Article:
In truth, any football-lover would be well-served by taking in a game somewhere north of the border. Bon match, Montreal. Bon matchet bonne chance.

-

A CFL versus NFL primer

Some readers may not be aware of the differences between the game played in the CFL and that of the NFL. These differences some minute, others more significant add up to make the Canadian game one that is distinct from its American counterpart while still remaining easily recognizable.

Here's a quick breakdown of some of the major distinctions:

- The field of play is significantly bigger in the CFL. While the standard NFL field is 100 yards long and 53 1/3 yards wide, the CFL field is 110 yards long and 65 yards wide. In addition, CFL end zones are 20 yards deep as opposed to 10 in the NFL. Also, the CFL's goal posts are placed on the goal line while the NFL's are located on the end line.

- NFL teams play with 11 men to a side. The CFL plays with 12. Since both games have the same number of players required at the line of scrimmage, the additional player plays in the backfield.

- CFL teams get three downs in which to advance the ball 10 yards for a first down instead of the four allotted NFL teams.

- Players line up at different distances from the line of scrimmage. In the NFL, offensive and defensive players are the length of the ball (11 inches) apart. In the CFL, there's a full yard between the offensive and defensive players.

- In the NFL, only one player may be in motion during a given play, and he can't be moving toward the line of scrimmage when the ball is snapped. In the CFL, any player in the offensive backfield other than the quarterback can be in motion at any time and in any direction.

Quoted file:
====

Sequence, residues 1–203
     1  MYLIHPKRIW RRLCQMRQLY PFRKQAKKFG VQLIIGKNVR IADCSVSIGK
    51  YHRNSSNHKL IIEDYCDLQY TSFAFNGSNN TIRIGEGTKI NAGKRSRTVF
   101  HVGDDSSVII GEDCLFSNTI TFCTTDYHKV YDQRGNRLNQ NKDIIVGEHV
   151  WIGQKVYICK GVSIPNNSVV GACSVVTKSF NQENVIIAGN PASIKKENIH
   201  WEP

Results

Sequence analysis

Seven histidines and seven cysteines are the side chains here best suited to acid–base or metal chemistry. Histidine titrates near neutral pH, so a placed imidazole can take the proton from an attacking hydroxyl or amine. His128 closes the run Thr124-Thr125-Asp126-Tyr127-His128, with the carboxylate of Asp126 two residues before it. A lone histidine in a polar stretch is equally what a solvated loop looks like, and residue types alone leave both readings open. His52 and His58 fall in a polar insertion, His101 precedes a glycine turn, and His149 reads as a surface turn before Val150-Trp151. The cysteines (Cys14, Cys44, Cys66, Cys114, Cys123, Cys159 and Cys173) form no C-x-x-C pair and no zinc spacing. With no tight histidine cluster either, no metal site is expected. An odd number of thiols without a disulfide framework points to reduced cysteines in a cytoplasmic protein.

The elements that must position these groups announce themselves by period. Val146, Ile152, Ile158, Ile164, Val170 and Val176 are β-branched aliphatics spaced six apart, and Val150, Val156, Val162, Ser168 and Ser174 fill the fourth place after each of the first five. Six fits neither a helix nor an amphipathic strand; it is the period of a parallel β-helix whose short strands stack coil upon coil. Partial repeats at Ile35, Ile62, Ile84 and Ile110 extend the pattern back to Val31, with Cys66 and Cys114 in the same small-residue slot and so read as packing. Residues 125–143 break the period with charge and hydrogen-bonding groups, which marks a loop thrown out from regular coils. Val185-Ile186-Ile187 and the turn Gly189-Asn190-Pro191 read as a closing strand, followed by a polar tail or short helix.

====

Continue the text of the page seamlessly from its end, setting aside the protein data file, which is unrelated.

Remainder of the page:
- There is no such thing as a fair catch in the CFL. Also, the ball may be kicked at any time, includingduring a play. This is known as an open-field kick.

- A kicked ball that goes through the back of the end zone in the CFL (except on kickoffs and balls that hit the goal post) results in a single point, a play known as a rouge. This includes punts and missed field goals.

- The NFL play clock is 40 seconds, while the CFL clock is 20. NFL teams get three time-outs per half, while CFL teams get only one. The CFL features a three-minute warning as opposed to the NFL's two-minute warning. Additionally, after the three-minute warning, the clock stops after every play.

There are other differences as well, but these are most of the major ones. The CFL game is certainly recognizable as the sport of football, but decades of divergent evolution have resulted in something that is undeniably unique.